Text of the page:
By David Sabino
September 29, 2009

In each installment of Diamond Digits over the last two regular seasons, we have anointed the players with the titles of Best and Worst Stats of the Week. When making these selections, we look only at the previous seven-day period stretching from Monday to Sunday, and in virtually every case, season statistics play no factor. This edition is a little different. In the final installment of the season, we looked not just at the last week, but at the full bodies of work over the course of the past six months. Instead of doing best and worst, we skipped the negativity and broke the yearly honors up into the best position players and pitchers.

The two winners come from vastly different ends of the baseball spectrum. One is a perennial All Star, MVP candidate and a sure Hall of Famer who plays for a Division winner. The other has overcome myriad troubles to get his career on track, becoming the best at what he does for one of the game's most sorry franchises. The only common thread between them has been that they're both Show Me State greats. And now they're also Diamond Digits Players of the Year for 2009.

Albert Pujols, 1B, Cardinals

Few choices are ever as easy as this one. Pujols was by far the best offensive player in the game this year and has solidified himself among the greatest of this generation. It's not that there weren't other candidates who in a different season would have had the numbers to earn such an honor, but when Pujols' entire body of work for the year was examined, he became the clear choice. He became only player to begin his career with nine straight 30-homer seasons (including a career-best 10 multi-home run games in 2009), leading the NL thus far with 47. He also tops the majors in runs scored (121), walks (tied with Adam Dunn at 112), on-base percentage (.446), slugging percentage (.670), extra-base hits (91), times on base (300) and total bases (365). He places third in RBIs (132) and sixth in batting at .328. If that wasn't enough, for good measure Pujols has also flashed the leather; he has a chance to top the NL and major league records for assists by a first baseman (Pujols currently has 179, with the NL mark being 180 by Mark Grace and the major league record held by Bill Buckner at 184).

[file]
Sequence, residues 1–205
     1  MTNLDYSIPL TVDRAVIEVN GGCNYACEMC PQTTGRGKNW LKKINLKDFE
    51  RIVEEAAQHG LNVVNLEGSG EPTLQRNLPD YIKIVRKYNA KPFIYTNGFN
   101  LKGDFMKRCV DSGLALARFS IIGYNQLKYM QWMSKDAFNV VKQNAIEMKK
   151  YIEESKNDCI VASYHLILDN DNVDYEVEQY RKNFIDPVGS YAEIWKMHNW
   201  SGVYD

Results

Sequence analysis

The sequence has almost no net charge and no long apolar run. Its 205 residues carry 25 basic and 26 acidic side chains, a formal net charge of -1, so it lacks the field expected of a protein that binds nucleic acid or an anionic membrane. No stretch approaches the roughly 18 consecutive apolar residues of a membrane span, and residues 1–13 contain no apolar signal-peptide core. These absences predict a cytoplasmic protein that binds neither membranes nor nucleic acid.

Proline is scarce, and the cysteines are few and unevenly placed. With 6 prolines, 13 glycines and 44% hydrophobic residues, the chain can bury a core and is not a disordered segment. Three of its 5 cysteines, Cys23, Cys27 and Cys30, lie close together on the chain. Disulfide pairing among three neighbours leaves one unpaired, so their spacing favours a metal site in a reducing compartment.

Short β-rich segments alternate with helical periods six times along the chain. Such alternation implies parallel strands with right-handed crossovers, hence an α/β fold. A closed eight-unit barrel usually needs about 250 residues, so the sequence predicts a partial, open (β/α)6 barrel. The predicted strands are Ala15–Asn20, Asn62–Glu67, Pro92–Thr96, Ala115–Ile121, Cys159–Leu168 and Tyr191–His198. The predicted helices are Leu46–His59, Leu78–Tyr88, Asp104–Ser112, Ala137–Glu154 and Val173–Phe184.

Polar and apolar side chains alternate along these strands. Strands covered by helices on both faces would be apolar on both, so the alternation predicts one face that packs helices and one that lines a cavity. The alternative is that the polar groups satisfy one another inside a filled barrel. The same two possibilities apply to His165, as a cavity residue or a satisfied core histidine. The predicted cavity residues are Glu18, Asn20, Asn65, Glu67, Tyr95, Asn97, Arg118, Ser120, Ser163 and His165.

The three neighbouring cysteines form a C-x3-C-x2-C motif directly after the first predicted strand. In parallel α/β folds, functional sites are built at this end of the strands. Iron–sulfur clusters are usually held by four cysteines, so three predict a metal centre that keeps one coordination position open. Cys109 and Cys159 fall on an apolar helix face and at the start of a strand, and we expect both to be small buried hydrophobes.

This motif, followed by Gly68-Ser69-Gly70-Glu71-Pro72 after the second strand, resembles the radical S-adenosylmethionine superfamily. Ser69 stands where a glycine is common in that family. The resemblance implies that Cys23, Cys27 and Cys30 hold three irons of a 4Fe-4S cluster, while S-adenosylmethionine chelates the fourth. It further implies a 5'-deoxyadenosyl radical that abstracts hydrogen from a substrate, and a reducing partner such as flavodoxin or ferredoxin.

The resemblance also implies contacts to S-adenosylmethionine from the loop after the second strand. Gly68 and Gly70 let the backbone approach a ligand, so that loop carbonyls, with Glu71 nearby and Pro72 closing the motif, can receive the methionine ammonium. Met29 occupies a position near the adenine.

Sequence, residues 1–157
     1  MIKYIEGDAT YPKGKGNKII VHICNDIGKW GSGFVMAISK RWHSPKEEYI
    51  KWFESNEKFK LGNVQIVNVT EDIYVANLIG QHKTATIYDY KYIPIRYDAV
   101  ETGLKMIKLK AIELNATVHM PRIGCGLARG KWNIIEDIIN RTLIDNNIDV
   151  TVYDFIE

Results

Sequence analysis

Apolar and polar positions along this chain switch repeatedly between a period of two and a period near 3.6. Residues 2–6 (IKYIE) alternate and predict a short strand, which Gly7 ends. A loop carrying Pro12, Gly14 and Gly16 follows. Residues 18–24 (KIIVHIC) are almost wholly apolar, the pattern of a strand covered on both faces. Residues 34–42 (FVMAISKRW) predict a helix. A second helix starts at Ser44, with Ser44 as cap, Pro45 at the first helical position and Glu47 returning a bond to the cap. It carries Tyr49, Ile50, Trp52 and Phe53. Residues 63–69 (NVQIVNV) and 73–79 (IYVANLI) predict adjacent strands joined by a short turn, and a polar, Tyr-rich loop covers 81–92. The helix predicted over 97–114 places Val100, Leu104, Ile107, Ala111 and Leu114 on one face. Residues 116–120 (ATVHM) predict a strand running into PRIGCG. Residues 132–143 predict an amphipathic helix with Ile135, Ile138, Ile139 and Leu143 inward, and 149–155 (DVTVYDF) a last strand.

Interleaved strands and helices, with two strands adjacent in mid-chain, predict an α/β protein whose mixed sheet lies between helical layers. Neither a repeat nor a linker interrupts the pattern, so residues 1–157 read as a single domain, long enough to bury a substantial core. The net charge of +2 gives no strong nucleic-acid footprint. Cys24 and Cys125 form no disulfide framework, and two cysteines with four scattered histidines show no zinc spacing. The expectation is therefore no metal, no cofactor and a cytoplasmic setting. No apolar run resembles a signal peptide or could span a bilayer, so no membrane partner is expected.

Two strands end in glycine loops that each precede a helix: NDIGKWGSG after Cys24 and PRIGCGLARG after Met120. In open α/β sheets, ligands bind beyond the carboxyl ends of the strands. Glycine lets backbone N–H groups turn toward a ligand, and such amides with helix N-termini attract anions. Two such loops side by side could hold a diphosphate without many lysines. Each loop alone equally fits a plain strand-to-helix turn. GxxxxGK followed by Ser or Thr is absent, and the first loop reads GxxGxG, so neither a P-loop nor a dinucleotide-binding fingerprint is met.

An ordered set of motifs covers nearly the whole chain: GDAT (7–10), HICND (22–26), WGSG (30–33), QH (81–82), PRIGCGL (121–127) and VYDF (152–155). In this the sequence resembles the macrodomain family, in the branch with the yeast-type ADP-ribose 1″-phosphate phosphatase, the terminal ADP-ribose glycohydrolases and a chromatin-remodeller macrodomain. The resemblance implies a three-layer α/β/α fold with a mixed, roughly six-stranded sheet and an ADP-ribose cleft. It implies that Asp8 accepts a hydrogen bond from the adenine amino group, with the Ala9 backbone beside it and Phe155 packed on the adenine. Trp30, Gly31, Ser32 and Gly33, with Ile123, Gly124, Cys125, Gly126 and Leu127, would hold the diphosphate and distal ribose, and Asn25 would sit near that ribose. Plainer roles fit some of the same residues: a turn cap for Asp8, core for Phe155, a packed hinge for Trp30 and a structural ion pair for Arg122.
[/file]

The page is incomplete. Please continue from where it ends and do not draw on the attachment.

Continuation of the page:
Others in the running:

• Despite missing the entire month of April with a bad back, Twins catcher Joe Mauer came back to put himself in strong position to repeat as AL batting champ (.371) while pacing the AL in slugging (.602) and on-base percentage (.444) and piling up 28 home runs and 92 RBIs for the AL Central contenders.

• In any other season, Brewers first baseman Prince Fielder might've taken top honors for batting .297/.406/.596 while compiling 43 home runs, a major league-high 137 RBIs and 339 total bases, but he can't even be considered the best first baseman in his division.

• When Mark Teixeira signed an eight-year, $180-million contract in January, the Yankees were hoping to get a stabilizing force at first base and in the middle of the order. Even with the lofty price tag, Teixeira exceeded expectations by leading the AL in total bases (338) and RBIs (120) while currently placing second with 38 home runs (one behind the injured Carlos Pena), batting .294/.384/.568 and leading the Yankees to the AL East crown and the best regular season record in the game.